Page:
Red blood cells recruited for targeted drug deliveryS. Himmelstein | January 22, 2020
An effective approach for targeted drug delivery is being pioneered by researchers from McMaster University, Canada and Saarland University, Germany. Instead of relying on synthetic materials that may be rejected by the body or fail to access target sites, the method uses red blood cells as delivery agents.
The blood cells are modified to function as drug carriers by emptying the structures and filling them with medicine. The cell membranes are doped with synthetic lipid molecules to form hybrid erythrocyte liposomes capable of encapsulating therapeutic agents. A sticky surface enables the re-engineered structure to attach to bacteria, tumors or other targets as it circulates within the body, after which the pharmaceutical payload is released.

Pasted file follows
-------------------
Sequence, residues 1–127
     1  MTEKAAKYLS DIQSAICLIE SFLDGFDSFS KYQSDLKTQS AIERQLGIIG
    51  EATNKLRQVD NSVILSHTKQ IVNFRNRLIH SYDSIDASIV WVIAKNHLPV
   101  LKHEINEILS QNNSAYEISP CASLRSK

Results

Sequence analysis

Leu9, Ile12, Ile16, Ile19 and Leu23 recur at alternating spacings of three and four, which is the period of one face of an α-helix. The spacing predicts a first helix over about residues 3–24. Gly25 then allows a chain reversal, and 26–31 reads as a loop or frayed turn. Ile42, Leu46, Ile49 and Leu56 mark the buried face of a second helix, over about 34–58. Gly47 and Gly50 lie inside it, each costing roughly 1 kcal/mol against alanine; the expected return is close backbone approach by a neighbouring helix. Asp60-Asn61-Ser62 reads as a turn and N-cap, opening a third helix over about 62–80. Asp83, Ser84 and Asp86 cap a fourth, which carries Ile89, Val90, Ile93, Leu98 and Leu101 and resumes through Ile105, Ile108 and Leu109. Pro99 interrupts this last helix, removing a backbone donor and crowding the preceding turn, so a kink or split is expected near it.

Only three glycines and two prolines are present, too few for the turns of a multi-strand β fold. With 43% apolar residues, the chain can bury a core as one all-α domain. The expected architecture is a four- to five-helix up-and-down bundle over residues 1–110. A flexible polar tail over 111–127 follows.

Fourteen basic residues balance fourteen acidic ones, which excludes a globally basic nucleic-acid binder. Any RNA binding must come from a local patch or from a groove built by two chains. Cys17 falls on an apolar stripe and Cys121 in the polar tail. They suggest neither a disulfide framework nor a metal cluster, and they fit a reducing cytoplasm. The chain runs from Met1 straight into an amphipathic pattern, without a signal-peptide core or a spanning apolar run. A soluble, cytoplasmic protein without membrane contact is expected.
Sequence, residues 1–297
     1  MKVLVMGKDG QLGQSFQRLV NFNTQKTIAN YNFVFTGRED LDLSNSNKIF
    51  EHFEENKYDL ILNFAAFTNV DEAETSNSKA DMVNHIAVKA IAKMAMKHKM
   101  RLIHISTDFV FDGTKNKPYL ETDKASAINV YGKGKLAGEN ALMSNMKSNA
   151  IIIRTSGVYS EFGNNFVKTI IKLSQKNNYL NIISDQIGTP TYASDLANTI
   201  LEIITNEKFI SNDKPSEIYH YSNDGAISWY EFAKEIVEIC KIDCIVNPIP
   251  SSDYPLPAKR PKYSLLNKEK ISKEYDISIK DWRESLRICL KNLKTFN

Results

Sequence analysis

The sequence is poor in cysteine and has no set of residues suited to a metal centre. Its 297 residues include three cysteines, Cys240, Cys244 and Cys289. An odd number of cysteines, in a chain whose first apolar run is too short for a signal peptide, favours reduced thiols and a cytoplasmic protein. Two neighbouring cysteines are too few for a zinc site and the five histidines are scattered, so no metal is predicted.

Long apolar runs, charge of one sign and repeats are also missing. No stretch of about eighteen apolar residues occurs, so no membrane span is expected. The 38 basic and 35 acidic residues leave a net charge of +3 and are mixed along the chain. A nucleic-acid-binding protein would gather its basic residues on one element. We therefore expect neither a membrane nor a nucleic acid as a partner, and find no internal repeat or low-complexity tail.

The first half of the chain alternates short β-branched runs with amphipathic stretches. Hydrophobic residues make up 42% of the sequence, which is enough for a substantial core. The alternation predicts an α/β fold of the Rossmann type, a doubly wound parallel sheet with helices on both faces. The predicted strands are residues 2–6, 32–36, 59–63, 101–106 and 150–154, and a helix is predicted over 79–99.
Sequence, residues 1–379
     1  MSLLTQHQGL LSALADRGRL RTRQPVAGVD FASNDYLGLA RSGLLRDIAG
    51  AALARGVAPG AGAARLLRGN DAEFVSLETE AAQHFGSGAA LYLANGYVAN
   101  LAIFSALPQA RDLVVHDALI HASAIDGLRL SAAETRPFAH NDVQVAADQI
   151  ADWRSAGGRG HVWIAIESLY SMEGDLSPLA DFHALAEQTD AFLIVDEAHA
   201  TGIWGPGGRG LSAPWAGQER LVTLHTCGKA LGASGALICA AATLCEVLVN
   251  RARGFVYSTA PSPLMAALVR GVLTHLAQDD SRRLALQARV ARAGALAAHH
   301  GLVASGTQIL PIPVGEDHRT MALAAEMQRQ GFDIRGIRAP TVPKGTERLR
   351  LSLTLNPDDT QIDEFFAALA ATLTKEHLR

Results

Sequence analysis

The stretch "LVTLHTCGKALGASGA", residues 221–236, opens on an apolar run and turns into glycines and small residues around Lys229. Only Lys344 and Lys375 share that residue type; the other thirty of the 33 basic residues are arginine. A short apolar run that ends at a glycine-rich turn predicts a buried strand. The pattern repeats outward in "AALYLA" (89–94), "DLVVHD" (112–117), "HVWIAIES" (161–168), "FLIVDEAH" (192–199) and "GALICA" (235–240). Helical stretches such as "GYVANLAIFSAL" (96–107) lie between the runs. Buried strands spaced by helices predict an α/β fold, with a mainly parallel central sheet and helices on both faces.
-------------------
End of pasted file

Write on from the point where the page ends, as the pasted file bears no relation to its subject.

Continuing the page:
These modified cell constructs can then be injected into the body without triggering an immune response. The delivery method could also lend itself to lowering drug doses, and subsequent side effects, for the treatment of infections, cancer or Alzheimer’s disease.